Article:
The marking procedure in accordance with the invention offers the advantage of being incorporated into the production line.
The marking process in accordance with the invention can be incorporated in the conventional manufacturing process of the tubes 14 without affecting the process of rounding of the tubes 14, since it has been found that the vitrification of the marking product 10 has no effect on the quality of manufacture of the glass tube 14. In particular, service life tests of a bulb comprising a glass tube 14 marked by a process in accordance with the invention revealed no traces of recrystallization of the quartz forming the tube 14.
It has been found that, even after more than one thousand hours of functioning of the light bulb, both the legibility of the characters and the resistance to erasure of the mark 12 created using the process in accordance with the invention remain unaffected.
Although the invention has been described within the context of its application, i.e. the marking of a light bulb, it goes without saying that a process in accordance with the invention can be used in numerous other applications where a quartz surface of an item of any kind, such as a plate, a lens or even a receptacle, accessible to a marking pad and a curing system allowing the vitrification of a deposit made by tampography, is intended to receive an identification marking.
|Cited Patent||Filing date||Publication date||Applicant||Title|
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|US4147823 *||Jun 17, 1977||Apr 3, 1979||General Electric Company||Lamp glass envelope containing marking thereon|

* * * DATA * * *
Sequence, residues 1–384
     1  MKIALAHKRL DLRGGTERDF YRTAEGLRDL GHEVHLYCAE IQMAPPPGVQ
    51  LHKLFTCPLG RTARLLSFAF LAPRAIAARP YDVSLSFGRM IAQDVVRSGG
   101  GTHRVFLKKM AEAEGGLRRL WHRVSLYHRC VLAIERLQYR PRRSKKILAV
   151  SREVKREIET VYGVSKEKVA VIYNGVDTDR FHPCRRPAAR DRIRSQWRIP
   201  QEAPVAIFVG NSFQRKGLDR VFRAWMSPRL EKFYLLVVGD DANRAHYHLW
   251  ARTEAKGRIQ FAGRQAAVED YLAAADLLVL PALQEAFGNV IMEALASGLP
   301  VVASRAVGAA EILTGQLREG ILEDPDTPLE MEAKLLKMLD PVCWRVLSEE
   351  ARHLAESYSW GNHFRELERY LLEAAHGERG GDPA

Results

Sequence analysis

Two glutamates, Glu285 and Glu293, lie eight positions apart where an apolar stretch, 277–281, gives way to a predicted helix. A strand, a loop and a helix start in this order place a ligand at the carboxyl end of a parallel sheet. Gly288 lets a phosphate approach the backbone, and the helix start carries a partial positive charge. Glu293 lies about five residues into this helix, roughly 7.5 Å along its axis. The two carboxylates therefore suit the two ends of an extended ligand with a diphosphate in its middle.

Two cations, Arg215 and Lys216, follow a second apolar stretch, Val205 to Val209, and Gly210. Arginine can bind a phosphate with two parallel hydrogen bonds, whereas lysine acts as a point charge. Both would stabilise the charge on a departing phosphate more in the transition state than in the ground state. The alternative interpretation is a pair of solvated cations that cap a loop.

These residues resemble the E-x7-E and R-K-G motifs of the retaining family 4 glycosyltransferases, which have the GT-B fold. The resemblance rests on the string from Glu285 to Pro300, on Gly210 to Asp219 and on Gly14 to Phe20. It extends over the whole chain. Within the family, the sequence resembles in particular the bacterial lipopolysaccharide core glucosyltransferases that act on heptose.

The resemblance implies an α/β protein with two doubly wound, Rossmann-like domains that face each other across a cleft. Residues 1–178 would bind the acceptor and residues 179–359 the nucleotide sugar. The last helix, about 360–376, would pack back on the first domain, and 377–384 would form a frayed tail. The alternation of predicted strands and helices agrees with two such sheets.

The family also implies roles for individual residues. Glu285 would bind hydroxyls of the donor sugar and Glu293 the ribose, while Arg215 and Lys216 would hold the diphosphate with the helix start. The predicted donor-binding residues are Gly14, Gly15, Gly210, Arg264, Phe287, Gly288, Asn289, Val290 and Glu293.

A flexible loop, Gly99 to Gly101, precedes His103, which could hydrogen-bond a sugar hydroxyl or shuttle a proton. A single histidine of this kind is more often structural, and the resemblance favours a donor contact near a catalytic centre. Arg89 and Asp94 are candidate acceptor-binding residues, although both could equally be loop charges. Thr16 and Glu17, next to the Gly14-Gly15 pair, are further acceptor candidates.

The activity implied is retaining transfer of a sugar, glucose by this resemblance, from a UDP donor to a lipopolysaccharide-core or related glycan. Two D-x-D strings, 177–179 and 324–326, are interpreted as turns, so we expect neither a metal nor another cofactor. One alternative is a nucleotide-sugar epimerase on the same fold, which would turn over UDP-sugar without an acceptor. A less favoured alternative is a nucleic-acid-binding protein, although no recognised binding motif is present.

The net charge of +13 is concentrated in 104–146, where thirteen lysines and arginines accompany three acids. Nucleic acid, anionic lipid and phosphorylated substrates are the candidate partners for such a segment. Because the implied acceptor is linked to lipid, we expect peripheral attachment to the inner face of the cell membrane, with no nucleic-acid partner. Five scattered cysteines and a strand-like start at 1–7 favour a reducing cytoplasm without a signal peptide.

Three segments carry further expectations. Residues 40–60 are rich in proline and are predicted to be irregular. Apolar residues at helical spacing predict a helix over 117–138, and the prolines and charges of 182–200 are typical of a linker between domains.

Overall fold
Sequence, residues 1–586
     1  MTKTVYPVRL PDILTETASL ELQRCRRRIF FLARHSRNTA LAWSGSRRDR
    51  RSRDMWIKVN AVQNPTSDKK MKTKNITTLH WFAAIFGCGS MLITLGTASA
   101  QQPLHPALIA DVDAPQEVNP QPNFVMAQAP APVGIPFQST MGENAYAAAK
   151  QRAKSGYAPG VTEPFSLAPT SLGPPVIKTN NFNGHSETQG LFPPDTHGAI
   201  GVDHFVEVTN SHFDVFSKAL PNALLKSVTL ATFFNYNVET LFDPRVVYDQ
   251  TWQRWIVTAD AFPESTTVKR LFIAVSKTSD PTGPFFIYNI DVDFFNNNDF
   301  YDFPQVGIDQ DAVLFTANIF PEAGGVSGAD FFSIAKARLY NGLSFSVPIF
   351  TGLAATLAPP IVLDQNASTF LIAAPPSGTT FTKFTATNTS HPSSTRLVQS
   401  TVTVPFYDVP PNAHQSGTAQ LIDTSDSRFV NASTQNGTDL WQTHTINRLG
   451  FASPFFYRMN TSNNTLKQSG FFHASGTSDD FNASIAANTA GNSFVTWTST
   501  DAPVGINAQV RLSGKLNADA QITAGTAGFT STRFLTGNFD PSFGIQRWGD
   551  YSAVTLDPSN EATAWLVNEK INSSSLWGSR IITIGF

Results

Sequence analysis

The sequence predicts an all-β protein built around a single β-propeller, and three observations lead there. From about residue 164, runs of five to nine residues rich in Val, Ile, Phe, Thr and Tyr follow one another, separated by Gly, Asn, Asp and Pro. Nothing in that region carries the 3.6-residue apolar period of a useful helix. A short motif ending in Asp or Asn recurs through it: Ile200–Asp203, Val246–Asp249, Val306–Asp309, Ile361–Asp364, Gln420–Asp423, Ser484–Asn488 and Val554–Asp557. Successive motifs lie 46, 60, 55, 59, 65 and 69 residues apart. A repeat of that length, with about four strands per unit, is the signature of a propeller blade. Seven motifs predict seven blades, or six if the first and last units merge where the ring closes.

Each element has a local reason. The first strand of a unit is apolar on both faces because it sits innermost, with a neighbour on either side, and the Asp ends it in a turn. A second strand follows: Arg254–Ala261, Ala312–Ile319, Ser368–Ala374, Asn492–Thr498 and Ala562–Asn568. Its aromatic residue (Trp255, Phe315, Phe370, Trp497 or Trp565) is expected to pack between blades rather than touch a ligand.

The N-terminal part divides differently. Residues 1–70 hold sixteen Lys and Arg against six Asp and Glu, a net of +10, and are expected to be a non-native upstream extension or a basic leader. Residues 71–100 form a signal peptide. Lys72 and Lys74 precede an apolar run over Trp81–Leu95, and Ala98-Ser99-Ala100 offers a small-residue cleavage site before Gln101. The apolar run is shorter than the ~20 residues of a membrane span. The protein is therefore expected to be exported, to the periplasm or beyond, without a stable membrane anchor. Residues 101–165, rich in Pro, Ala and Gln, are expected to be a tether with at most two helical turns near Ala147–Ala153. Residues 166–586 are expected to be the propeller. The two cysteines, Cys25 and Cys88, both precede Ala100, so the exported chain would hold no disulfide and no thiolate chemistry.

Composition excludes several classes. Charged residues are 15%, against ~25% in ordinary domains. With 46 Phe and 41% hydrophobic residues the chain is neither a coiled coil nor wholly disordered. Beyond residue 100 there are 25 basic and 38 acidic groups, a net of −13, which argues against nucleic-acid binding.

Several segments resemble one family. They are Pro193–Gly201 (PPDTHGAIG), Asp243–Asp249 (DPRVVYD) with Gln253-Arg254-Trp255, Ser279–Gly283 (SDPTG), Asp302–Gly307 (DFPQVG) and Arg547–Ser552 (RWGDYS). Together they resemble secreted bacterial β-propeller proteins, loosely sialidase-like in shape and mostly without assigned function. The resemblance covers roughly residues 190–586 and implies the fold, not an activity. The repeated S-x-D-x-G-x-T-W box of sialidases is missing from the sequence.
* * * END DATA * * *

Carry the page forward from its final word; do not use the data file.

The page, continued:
|US4421803||Dec 11, 1979||Dec 20, 1983||Egyesult Izzolampa Es Villamossagi Rt.||Glass envelope for electric light sources|
|US5684515 *||Dec 21, 1995||Nov 4, 1997||Libbey-Owens-Ford Co.||Method for placing indicia on substrates having an enamel band thereon|
|US6165655||Jun 10, 1999||Dec 26, 2000||Ricoh Company, Ltd.||Toner composition and use thereof for forming sintered pattern on solid surface|
|JPH035337A *||Title not available|
|JPS5684382A||Title not available|
|SU746781A1||Title not available|
|1||Database WPI, Secion Ch, Week 198110, Derwent Publications Ltd., London, GB; AN 1981-17106D, XP002184138 & SU 746 781A (Rozhkina Z P) , Jul. 17, 1980.|
|2||Database WPI, section Ch, Week 198134, Derwent Publications Ltd., London, GB; AN 1981-61512D, XP002184139 & JP56084382A (GOTOA) , Jul. 9, 1981.|
|U.S. Classification||427/287, 106/31.05, 427/429, 427/106|
|International Classification||C03C17/00, B41K1/00, C03C17/04, B41M1/34, B41M7/00|
|Cooperative Classification||C03C2217/485, C03C2217/475, C03C2217/29, C03C2218/119, C03C17/007, B41M1/34, B41M7/009|
|European Classification||B41M1/34, B41M7/00, C03C17/00D2|
|Jun 5, 2002||AS||Assignment|
Owner name: KONINKLIJKE PHILIPS ELECTRONICS N.V., NETHERLANDS
Free format text: ASSIGNMENT OF ASSIGNORS INTEREST;ASSIGNOR:GUEUSQUIN, ERIC;REEL/FRAME:012964/0906
Effective date: 20020325
|May 2, 2007||FPAY||Fee payment|
Year of fee payment: 4
|Jun 20, 2011||REMI||Maintenance fee reminder mailed|
|Nov 11, 2011||LAPS||Lapse for failure to pay maintenance fees|
|Jan 3, 2012||FP||Expired due to failure to pay maintenance fee|
Effective date: 20111111